I sold my stake in mining giant BHP Billiton (LSE: BLT) (NYSE: BBL.US) last year over fears of what the forthcoming Chinese hard or soft landing would do to its share price.
With the stock down 33% in the last 12 months, I haven’t regretted my decision. China has slowed, and demand for copper, iron and other metals has fallen accordingly, forcing down prices.
I got that right but one thing I didn’t anticipate was the fall in the oil price: many investors forget that BHP Billiton also positions itself as “a global leader in oil and gas exploration, production, development and marketing”.
So it took a double hit.
In A Hole
At the same time, I removed mining rival Rio Tinto (LSE: RIO) (NYSE: RIO.US) from my wish list — and again, I have no regrets. Its share price is down 21% in the last 12 months, again, largely due to macro problems such as falling global (Chinese) demand.
In both cases, I had mixed feelings about a decision both companies had taken to ramp up supply in the teeth of falling demand. The aim was to drive out smaller, high-cost competitors with tighter margins, in the hope of ruling the roost once the cycle turned again.
Plus, of course, more production = more sales = more revenues. This has partially offset some of the headwinds of lower prices, as have cost control measures. BHP Billiton has since pulled back on that policy in the teeth of the global iron ore glut, however, confirming my initial misgivings.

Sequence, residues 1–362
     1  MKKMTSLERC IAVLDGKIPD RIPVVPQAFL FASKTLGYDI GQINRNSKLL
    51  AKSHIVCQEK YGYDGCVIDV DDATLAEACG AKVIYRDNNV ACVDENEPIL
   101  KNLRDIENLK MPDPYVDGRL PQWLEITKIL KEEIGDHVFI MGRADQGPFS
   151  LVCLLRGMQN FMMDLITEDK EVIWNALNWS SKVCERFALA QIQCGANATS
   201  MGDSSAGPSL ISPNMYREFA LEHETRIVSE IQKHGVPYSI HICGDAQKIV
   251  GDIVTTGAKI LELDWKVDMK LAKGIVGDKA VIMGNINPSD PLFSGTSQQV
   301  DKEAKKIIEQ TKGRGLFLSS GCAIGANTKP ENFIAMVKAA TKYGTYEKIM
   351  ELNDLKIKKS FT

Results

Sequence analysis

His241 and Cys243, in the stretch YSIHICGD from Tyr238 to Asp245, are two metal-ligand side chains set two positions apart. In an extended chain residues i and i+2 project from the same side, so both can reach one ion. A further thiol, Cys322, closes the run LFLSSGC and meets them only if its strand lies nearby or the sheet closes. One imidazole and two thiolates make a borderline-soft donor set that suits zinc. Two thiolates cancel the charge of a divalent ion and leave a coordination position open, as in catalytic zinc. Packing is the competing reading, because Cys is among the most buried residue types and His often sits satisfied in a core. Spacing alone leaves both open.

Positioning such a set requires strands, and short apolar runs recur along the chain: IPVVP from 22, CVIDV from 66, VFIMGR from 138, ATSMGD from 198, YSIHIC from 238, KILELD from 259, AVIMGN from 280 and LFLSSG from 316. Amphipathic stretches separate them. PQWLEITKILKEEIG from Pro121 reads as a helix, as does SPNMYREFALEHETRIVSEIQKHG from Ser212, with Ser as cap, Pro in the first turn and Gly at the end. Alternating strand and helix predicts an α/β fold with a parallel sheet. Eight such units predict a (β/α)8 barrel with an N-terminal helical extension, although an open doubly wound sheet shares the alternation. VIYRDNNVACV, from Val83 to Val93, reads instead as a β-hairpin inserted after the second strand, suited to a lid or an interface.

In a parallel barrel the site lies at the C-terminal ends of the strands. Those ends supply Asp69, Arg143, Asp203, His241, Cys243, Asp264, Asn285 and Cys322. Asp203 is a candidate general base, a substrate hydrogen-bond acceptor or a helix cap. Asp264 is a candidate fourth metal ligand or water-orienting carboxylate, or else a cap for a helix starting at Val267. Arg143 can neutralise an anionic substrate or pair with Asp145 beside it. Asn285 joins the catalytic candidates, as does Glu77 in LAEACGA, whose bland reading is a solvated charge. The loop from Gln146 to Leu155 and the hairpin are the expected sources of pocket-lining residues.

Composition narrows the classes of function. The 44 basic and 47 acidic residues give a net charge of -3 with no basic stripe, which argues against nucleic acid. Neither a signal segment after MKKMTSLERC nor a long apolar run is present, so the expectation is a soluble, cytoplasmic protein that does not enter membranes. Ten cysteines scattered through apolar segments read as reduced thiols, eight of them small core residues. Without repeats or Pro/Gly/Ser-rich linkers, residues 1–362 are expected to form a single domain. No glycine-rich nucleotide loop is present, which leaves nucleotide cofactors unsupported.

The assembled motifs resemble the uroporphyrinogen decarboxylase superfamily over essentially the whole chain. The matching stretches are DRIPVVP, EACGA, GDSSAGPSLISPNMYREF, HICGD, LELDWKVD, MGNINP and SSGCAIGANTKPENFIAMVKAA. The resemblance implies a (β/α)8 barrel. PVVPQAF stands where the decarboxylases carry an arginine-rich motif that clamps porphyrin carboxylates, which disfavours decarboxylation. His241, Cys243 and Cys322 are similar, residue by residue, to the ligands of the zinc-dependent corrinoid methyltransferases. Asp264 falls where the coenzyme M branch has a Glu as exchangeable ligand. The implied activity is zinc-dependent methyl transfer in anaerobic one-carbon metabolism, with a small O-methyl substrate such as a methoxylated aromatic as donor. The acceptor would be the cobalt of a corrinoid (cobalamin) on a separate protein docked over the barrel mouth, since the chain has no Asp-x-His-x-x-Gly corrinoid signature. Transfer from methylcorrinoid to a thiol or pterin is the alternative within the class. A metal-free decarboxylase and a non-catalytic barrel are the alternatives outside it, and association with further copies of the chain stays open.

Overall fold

I don’t expect the commodity cycle to swing back in favour of the big mining giants in the immediate future, even though China has survived its recent stock market scare, and its latest GDP growth figures surprised on the upside at 7% a year.
Yet I still think BLT and RIO are starting to look like a tempting contrarian buy for long-term investors, trading at just 7.66 and 8.02 times earnings respectively. Income-hungry investors will also be tempted, because these traditional growth stocks now yield an astonishing 5.91% and 5.21% a year, more than 10 times base rate.
Many investors question whether these dividends are sustainable given today’s commodity prices, despite management assurances. If the dividends are cut, the company share prices will also take a hit, which is my biggest concern.
I may be tempted to buy BHP Billiton and Rio Tinto again, but I’m not quite convinced.